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arby's Bret Thorn

Tasting Arby’s venison sandwich

And meeting the newest Meat Mountain

This is Arby’s venison sandwich. It’s made from 5 ounces of farm-raised New Zealand red tail deer (the top round and bottom round cuts), butterflied, marinated with garlic, salt and pepper, cooked in sous-vide and served on a toasted roll with fried onions and a Cabernet steak sauce infused with juniper. It costs $5, and you probably won’t be able to get your hands on it.

The Atlanta-based chain introduced it as an extremely limited limited-time offer last November, at just 17 locations in big hunting communities like Clio, Mich., and Leechburg, Pa., for four days per store or while supplies lasted, which sometimes was as little as 15 minutes, Arby’s senior vice president of communications, Chris Fuller, told me while Arby’s executive chef Neville Craw saw to my sandwich.  

Bret Thorn

New York City is the next market to get the venison sandwich. A thousand of them will be available this Saturday at the chain’s new Madison Square Park location, which opened on Monday.

They were good enough to invite me to come and try it early.

The new Arby’s location is a big one — 3,500 square feet with a mezzanine with added seating and a large prep area in the basement, and when I got there at 1pm it had a substantial line of people.

Fuller said it had been like that since 10 a.m., with the line sometimes extending out the door.

Maybe there’s pent-up demand: This is just Arby’s second location on the island of Manhattan. There had been others previously but they all closed, and the chain’s only New York City location was in Queens until Arby’s opened a corporate store in Midtown.

This second one is also a corporate store.

At most of the locations where the venison sandwich was offered, just 500 of them were made available, and that wasn’t remotely enough to meet demand, Fuller said.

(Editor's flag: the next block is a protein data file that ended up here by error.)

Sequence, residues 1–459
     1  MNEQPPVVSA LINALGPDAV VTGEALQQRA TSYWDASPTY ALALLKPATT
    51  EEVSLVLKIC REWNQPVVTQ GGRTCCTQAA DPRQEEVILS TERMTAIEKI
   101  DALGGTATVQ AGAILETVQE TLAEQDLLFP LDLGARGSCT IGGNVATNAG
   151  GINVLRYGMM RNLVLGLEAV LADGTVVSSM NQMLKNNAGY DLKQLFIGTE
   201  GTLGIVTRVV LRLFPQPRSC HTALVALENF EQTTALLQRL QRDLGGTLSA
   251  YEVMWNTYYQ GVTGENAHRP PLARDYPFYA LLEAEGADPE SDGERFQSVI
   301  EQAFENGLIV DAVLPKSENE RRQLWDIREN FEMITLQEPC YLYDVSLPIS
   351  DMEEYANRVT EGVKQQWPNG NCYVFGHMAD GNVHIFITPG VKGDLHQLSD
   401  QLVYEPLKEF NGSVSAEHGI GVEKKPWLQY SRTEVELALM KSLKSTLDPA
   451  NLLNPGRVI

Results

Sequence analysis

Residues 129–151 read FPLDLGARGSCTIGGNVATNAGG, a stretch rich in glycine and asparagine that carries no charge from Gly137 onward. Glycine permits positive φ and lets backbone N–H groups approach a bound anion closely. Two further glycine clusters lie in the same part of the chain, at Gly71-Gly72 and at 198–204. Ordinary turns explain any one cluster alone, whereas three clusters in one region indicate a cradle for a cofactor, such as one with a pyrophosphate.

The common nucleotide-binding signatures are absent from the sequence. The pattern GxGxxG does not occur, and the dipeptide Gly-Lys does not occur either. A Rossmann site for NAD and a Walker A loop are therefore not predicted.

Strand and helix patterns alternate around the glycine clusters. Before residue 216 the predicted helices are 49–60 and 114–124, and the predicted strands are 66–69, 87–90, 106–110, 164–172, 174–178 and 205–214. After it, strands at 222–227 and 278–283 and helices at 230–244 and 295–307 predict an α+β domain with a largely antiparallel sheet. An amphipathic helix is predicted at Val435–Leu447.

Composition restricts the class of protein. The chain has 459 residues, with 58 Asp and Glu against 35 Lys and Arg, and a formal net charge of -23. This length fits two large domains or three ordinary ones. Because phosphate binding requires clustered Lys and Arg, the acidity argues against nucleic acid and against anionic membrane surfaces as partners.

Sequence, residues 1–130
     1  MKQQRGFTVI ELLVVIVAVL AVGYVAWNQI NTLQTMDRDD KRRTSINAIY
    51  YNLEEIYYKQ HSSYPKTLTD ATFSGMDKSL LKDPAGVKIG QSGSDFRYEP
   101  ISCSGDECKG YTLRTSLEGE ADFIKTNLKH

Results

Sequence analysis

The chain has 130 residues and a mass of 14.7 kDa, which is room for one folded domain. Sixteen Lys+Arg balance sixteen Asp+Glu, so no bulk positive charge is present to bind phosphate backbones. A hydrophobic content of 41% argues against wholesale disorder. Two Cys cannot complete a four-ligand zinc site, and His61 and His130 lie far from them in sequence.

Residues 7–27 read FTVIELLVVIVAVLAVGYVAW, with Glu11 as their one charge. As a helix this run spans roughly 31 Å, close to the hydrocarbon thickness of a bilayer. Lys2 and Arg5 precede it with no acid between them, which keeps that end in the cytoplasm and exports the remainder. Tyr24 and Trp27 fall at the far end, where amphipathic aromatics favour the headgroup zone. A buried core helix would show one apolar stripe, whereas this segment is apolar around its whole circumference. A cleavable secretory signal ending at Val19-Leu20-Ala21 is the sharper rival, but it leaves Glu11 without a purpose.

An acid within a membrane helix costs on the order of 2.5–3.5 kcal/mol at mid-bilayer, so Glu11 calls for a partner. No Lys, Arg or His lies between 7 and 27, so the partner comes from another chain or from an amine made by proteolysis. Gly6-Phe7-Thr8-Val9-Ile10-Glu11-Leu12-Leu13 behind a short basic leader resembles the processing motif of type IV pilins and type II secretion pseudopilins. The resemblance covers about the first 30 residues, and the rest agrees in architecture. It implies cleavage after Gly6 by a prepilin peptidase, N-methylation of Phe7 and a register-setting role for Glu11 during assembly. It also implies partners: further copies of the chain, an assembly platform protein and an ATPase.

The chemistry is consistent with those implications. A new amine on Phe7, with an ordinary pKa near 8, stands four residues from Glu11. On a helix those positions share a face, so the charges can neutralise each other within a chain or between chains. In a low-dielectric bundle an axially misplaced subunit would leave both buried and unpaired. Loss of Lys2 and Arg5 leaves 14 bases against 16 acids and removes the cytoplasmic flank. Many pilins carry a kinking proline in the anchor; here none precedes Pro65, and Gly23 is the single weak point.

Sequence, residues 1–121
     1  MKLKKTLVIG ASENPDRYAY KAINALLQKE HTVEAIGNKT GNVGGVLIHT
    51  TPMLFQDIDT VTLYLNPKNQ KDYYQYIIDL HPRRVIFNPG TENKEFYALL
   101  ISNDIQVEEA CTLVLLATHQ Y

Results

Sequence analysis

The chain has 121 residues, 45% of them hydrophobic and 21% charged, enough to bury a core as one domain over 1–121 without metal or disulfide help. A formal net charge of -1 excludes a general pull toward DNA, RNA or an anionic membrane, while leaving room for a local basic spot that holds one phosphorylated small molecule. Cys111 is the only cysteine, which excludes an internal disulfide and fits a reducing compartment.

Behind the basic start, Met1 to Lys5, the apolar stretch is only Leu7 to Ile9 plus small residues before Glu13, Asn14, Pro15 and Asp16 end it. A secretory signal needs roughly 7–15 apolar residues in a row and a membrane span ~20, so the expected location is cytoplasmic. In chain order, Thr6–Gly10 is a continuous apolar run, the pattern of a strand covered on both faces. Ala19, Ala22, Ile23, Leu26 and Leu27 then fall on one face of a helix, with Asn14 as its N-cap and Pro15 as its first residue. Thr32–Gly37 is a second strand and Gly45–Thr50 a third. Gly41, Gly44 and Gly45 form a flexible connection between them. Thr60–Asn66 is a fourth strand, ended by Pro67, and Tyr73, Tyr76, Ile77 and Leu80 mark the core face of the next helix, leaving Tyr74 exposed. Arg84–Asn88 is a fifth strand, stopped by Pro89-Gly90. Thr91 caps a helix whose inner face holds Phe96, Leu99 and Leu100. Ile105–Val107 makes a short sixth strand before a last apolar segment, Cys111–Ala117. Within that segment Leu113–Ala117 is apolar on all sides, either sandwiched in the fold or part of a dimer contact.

Bret Thorn

The problem is that, although New Zealand’s venison industry is substantial and it provides the bulk of deer eaten in American restaurants, “They don’t make enough for America’s appetite,” Fuller said.

Indeed, according to Deer Industry New Zealand, the whole country only raises about one million deer total each year.

Considering that Arby’s sold 29 million sliders at its roughly 3,300 domestic locations in the first month that those things were available, a venison sandwich isn’t going to be a permanent addition, but Fuller said we can expect to see them popping up briefly from time to time.

Which is a good thing, because it’s a tasty sandwich: chewy but not tough, with just a mild deer flavor and a sauce reminiscent of a Worcestershire-based steak sauce with a tang that reminded me a little bit of Arby’s Sauce.

Craw wasn’t sure about that, and in re-tasting the Arby’s Sauce that I keep at my desk, he’s right; it’s a different tang. He said the Arby’s Sauce has a heavy dose of clove in it, whereas the venison sauce has juniper — a spice that he thought might be too snobby for Arby’s audience until he saw a recipe that used it in Field & Stream magazine and knew he was on the right track.

Although your chances of sampling the venison sandwich are slim, you can always order the Meat Mountain. An off-the-menu item containing all the meat varieties that Arby’s has at its restaurant. It’s $10, and I suggest that, if you order it, you tip it over, spread it out and serve it like a deli tray for a party of six.

Recently Arby’s upgraded the Meat Mountain by putting the fish in its fish sandwich on top.

That became available on March 1, also for $10, and on March 2 they sold at least six of them at the new Arby’s location.

Fuller said that they tend to be ordered in pairs, by two dudes challenging each other.

I doubt it’s a moneymaker, but Fuller didn’t seem to care about that.

“It’s the long-term value of the guest versus the per-sandwich value,” he said.

Contact Bret Thorn at [email protected]

Follow him on Twitter: @foodwriterdiary

TAGS: Food Trends
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